Click here to view full story…

US and China will sign the Paris deal – raising hopes for ICAO agreement on MBM in September

2.4.2016

China and the US, the world’s two leading carbon polluters, have said they plan to formally join the Paris climate agreement in April. In a joint statement, they agreed to sign the historic deal to cut CO2 emissions and take “respective domestic steps” to approve it as “early as possible this year.” They also urge other nations to follow suit. The support from these two means the Paris deal is closer to coming into force. Over 55% of global carbon emissions and 55 countries must formally join for the Paris Agreement to apply from 2020. China and the US account for about 40%. The US Environmental Defense Fund said that support this year for a global market-based measure to address greenhouse gas emissions from international aviation is also very important. “A strong agreement at the 2016 ICAO Assembly is one of the top global priorities for climate change this year — and a key part of President Obama’s legacy.” They hope the Chinese and US commitment may encourage other countries in ICAO to act, and open a pathway to resolving the key question of how to share, fairly, the responsibilities for offsetting future aviation emissions. There are only 190 days till the conclusion of the ICAO Assembly in Montreal.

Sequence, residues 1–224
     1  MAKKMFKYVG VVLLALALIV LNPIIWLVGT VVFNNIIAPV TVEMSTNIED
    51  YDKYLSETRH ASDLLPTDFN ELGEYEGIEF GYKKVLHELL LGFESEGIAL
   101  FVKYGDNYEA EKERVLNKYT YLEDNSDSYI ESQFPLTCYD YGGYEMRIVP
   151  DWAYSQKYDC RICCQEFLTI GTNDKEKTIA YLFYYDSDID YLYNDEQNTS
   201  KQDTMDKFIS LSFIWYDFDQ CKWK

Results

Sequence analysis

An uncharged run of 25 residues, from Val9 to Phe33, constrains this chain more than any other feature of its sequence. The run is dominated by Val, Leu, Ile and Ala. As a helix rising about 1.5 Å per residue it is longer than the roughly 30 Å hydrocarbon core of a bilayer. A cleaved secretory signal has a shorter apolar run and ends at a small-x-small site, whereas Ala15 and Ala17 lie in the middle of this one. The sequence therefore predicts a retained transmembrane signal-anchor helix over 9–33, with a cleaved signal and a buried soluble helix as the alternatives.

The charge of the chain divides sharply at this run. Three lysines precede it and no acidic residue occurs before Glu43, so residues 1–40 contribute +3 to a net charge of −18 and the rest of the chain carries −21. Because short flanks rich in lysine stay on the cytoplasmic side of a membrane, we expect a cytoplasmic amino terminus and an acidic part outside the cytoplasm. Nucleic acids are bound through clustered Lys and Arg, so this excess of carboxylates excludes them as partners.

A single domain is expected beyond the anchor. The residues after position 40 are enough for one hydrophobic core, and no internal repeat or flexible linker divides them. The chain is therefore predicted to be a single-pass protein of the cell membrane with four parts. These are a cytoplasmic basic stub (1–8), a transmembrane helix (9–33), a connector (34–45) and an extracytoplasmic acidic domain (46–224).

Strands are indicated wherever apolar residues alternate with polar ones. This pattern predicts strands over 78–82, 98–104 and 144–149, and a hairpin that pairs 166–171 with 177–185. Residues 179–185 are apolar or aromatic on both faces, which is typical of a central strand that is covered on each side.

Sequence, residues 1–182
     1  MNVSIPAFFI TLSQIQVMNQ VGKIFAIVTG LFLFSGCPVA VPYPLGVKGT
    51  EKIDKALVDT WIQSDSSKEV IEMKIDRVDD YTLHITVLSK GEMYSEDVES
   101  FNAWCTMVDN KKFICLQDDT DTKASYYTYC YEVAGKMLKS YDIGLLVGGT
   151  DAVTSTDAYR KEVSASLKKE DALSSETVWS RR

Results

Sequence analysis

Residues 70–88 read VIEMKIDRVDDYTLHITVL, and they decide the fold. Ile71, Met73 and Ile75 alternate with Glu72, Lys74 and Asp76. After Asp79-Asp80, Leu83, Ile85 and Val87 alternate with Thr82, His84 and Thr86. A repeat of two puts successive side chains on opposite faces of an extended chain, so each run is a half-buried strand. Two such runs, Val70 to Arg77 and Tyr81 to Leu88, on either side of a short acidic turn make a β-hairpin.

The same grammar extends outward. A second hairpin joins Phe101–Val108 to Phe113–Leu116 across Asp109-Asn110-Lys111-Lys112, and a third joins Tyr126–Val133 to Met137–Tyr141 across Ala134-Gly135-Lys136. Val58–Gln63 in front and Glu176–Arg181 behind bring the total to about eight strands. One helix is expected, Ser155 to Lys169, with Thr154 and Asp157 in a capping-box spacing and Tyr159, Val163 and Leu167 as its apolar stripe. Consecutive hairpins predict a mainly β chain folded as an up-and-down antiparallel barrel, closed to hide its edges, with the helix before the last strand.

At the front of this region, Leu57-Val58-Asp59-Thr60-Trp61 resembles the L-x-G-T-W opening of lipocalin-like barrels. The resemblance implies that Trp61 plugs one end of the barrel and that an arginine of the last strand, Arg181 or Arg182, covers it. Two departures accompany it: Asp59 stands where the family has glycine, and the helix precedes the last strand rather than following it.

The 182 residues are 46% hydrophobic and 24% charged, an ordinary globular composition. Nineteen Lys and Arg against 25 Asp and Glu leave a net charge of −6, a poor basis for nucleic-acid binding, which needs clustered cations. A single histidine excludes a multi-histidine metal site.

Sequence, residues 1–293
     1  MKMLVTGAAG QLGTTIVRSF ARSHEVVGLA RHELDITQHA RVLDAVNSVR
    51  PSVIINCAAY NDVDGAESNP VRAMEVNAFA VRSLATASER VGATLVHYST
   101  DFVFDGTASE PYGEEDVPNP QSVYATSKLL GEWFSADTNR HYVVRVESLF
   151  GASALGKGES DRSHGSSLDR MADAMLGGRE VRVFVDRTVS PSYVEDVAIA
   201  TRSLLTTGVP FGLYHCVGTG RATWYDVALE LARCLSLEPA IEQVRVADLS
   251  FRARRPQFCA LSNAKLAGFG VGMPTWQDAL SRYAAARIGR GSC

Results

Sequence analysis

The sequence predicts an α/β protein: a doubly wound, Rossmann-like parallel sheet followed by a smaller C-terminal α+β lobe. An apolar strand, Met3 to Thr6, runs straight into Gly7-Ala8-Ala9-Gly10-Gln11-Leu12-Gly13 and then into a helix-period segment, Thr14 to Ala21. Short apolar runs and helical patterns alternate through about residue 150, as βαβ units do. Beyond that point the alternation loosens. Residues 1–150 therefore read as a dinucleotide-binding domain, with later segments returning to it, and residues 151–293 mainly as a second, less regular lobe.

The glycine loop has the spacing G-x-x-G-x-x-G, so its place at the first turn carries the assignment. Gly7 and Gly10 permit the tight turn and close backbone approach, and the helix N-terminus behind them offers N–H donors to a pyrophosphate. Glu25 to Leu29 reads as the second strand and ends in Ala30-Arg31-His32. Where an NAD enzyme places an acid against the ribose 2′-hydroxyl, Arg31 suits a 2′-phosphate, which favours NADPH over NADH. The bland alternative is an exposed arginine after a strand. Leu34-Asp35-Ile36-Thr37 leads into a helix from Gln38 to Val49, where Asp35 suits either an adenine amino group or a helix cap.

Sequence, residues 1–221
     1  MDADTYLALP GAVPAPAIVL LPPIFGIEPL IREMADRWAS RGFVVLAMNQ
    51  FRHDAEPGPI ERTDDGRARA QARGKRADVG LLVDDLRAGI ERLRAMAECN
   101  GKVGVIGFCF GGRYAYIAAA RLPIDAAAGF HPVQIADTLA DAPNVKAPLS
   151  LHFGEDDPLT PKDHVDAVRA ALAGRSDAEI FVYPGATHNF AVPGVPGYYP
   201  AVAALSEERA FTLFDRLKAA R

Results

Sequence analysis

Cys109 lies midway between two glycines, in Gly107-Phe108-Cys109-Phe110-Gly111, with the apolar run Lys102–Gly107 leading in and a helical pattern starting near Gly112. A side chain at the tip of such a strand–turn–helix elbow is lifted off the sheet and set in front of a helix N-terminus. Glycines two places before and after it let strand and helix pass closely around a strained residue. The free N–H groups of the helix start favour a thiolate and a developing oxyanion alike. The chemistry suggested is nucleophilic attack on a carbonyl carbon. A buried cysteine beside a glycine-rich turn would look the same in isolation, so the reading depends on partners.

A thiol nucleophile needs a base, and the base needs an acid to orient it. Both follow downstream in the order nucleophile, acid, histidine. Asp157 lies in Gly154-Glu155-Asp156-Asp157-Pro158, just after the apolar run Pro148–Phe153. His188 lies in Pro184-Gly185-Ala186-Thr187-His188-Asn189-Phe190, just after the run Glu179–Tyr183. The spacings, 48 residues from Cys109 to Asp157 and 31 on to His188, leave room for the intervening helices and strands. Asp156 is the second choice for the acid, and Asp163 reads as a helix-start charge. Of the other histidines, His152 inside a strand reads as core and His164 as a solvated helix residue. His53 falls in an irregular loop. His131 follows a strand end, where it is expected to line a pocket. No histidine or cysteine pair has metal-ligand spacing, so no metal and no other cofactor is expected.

http://www.airportwatch.org.uk/2016/04/us-and-china-will-sign-the-paris-deal-raising-hopes-for-icao-agreement-on-mbm-in-september/

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“Flightpath 1.5” campaign launched to urge the UN’s ICAO to tackle aviation’s CO2 emissions by September

23.6.2016